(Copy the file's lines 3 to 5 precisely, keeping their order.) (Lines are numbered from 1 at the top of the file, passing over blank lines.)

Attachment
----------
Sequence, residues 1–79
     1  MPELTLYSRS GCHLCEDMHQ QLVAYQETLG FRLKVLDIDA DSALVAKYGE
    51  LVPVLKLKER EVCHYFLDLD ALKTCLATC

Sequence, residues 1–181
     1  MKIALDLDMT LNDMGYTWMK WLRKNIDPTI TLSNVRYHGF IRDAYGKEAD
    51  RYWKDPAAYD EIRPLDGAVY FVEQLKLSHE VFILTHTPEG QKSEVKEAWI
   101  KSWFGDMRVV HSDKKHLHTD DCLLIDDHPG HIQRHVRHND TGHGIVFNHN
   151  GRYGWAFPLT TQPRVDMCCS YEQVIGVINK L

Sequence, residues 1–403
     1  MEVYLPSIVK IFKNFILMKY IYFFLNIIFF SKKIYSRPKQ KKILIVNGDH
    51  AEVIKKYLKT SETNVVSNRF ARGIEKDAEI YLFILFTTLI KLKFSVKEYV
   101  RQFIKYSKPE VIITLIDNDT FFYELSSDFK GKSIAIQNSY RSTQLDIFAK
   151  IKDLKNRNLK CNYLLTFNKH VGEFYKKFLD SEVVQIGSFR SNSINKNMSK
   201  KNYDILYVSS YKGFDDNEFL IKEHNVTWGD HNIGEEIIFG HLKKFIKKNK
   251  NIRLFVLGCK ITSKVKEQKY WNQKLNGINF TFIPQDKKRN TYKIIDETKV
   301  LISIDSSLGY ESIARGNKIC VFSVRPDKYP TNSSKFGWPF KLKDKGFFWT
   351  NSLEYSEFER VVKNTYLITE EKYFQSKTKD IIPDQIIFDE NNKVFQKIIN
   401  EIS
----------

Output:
    51  LVPVLKLKER EVCHYFLDLD ALKTCLATC

Sequence, residues 1–181
     1  MKIALDLDMT LNDMGYTWMK WLRKNIDPTI TLSNVRYHGF IRDAYGKEAD